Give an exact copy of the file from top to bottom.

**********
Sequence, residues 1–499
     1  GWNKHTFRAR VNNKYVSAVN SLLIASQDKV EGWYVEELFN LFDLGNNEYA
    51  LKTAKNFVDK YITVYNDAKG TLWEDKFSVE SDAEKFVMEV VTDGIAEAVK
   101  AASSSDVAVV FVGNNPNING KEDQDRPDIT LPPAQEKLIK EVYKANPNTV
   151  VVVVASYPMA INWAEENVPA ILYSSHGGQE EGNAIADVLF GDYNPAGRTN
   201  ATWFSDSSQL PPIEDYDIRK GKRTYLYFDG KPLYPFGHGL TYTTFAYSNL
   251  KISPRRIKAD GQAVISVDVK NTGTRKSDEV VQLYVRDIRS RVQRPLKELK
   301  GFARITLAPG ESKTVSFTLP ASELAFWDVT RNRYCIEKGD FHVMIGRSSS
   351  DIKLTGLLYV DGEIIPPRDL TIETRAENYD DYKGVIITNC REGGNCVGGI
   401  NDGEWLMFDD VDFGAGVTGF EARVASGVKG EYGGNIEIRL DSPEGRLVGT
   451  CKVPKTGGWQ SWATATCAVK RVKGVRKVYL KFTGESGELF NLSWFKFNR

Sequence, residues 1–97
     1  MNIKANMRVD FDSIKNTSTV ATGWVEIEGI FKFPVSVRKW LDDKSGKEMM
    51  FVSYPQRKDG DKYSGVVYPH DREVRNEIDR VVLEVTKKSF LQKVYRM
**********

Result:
Sequence, residues 1–499
     1  GWNKHTFRAR VNNKYVSAVN SLLIASQDKV EGWYVEELFN LFDLGNNEYA
    51  LKTAKNFVDK YITVYNDAKG TLWEDKFSVE SDAEKFVMEV VTDGIAEAVK
   101  AASSSDVAVV FVGNNPNING KEDQDRPDIT LPPAQEKLIK EVYKANPNTV
   151  VVVVASYPMA INWAEENVPA ILYSSHGGQE EGNAIADVLF GDYNPAGRTN
   201  ATWFSDSSQL PPIEDYDIRK GKRTYLYFDG KPLYPFGHGL TYTTFAYSNL
   251  KISPRRIKAD GQAVISVDVK NTGTRKSDEV VQLYVRDIRS RVQRPLKELK
   301  GFARITLAPG ESKTVSFTLP ASELAFWDVT RNRYCIEKGD FHVMIGRSSS
   351  DIKLTGLLYV DGEIIPPRDL TIETRAENYD DYKGVIITNC REGGNCVGGI
   401  NDGEWLMFDD VDFGAGVTGF EARVASGVKG EYGGNIEIRL DSPEGRLVGT
   451  CKVPKTGGWQ SWATATCAVK RVKGVRKVYL KFTGESGELF NLSWFKFNR

Sequence, residues 1–97
     1  MNIKANMRVD FDSIKNTSTV ATGWVEIEGI FKFPVSVRKW LDDKSGKEMM
    51  FVSYPQRKDG DKYSGVVYPH DREVRNEIDR VVLEVTKKSF LQKVYRM